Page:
Malnutrition is a serious concern commonly associated with diseases and is therefore often referred to as ‘disease-related malnutrition' (DRM). Malnutrition occurs due to the lack of intake or uptake of essential nutrition, which leads to altered body composition and body cell mass, resulting in reduced physical and mental function and impaired clinical outcome.
Examples of common problems that lead to poor nutritional intake are poor appetite, swallowing problems and side effects of drugs. On the other hand, patients often have increased nutritional needs due to the underlying disease, such as cancer, gastrointestinal disorders or COPD. Proper nutrition assessment and intervention are crucial for preventing and managing adult malnutrition.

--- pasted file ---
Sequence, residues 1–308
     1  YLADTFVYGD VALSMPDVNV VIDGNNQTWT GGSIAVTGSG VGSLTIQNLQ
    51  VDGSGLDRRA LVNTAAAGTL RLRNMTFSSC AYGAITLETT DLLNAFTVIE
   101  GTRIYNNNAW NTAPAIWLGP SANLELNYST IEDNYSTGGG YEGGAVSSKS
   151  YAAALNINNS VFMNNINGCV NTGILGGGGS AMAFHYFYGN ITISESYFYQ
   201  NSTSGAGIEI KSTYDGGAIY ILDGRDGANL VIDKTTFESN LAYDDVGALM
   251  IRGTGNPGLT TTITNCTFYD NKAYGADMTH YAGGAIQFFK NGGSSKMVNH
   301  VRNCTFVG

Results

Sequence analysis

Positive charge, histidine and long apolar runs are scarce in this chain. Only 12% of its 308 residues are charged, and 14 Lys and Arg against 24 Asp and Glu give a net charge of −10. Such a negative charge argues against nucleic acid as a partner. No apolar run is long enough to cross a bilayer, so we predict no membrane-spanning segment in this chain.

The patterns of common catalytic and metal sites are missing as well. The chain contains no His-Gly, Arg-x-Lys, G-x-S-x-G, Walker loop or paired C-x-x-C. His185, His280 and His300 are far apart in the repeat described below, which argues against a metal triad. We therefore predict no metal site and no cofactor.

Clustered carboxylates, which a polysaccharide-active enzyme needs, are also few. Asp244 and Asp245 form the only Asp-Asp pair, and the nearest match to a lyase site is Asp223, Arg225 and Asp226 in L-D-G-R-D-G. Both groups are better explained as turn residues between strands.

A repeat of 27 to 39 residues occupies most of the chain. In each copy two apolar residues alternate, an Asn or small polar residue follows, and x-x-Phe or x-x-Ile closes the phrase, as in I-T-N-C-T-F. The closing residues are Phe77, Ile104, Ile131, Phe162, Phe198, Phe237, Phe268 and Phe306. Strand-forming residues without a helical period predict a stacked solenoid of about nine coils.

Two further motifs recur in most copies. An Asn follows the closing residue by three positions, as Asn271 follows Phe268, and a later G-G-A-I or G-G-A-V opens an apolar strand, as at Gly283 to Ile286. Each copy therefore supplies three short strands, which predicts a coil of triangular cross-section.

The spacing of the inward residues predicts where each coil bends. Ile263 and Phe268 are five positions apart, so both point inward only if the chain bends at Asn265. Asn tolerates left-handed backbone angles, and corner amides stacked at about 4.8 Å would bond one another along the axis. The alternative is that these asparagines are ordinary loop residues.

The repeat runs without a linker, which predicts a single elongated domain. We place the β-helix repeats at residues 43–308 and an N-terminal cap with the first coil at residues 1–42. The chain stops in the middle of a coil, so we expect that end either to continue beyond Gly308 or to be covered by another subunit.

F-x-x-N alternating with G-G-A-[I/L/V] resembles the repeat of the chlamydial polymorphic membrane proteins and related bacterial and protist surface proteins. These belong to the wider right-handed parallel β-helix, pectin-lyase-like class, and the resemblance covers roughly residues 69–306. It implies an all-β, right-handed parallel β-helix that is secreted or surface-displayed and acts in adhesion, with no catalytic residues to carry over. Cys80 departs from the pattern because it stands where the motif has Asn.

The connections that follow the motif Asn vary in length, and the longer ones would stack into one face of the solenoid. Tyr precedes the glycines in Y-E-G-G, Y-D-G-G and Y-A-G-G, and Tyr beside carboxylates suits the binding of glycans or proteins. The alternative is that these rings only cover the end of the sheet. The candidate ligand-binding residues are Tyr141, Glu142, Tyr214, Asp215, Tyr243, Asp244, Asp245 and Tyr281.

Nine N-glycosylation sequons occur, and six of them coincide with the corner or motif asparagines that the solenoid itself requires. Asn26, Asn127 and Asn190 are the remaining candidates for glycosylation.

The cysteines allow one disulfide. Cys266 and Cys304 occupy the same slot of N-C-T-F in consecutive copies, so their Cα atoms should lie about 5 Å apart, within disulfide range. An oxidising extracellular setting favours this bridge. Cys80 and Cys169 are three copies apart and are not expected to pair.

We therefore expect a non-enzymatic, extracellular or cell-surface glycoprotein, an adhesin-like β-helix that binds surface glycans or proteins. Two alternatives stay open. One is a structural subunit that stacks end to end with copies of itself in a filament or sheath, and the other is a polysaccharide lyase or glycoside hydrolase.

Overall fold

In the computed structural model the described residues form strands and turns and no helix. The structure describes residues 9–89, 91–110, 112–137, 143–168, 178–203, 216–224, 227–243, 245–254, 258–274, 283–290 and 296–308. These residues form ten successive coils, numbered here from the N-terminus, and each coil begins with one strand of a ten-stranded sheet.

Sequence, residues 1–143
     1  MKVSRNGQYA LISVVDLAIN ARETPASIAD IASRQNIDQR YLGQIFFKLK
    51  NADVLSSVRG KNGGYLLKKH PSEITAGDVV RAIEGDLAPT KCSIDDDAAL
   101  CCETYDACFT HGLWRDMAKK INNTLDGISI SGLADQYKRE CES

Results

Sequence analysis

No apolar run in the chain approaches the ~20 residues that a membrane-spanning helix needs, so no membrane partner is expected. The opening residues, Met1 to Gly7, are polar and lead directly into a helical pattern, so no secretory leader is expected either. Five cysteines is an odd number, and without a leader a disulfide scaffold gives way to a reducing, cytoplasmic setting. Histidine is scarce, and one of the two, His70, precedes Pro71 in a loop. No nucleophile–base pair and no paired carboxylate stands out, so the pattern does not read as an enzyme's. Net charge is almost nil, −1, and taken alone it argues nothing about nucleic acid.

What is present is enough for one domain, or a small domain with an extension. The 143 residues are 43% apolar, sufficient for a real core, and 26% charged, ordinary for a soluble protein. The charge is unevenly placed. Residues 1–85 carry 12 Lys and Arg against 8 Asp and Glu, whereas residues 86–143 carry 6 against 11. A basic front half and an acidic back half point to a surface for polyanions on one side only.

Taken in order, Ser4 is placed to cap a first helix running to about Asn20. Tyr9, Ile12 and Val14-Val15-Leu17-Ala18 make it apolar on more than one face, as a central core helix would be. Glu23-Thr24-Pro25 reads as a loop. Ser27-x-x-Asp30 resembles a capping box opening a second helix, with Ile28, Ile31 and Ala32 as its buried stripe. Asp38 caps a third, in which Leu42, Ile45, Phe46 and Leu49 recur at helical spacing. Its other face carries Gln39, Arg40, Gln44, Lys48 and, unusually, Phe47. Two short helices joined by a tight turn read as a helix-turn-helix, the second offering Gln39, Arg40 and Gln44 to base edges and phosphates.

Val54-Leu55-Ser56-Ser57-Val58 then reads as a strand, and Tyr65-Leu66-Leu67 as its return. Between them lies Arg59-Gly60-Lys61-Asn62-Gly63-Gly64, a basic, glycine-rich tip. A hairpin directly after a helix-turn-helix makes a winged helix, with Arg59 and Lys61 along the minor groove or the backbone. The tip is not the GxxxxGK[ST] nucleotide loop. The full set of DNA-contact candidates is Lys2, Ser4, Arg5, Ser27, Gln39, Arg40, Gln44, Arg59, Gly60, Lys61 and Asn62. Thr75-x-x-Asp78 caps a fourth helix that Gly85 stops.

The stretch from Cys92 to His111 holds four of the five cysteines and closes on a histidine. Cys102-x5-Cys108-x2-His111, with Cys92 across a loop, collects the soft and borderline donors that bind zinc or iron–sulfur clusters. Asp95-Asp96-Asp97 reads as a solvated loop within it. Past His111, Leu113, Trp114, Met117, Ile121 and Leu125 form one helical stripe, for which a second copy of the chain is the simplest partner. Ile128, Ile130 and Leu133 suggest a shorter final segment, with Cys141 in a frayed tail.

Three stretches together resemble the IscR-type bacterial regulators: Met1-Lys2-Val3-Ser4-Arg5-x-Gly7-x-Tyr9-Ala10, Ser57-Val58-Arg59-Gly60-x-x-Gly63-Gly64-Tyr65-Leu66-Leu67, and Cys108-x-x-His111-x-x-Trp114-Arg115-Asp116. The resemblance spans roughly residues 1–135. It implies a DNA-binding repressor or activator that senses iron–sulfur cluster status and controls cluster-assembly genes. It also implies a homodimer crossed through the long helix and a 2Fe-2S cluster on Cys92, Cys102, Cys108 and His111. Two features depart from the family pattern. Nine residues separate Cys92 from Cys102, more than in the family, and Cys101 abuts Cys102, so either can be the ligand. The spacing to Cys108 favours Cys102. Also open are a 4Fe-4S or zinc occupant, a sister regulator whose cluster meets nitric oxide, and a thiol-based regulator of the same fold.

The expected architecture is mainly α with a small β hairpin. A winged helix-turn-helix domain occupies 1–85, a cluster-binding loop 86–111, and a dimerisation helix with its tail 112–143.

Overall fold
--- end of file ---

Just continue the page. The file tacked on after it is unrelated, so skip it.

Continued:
In this section, you will find insights on disease-related malnutrition burden, nutritional management strategies, guidelines and best practices.
Plant-based medical nutrition: An opportunity to individualize nutritional care by meeting patient needs, preferences and values
Prioritising nutritional care in the survival and recovery of critical illnesses
- Muscle-Targeted (MT) Nutritional Therapy for Adults: What HCPs Need to Know
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- Explore the relationship between nutrition and muscle health, the role of muscle-targeted nutritional therapy in preventing and managing sarcopenia, and the practical considerations for implementing MT nutritional interventions in clinical settings.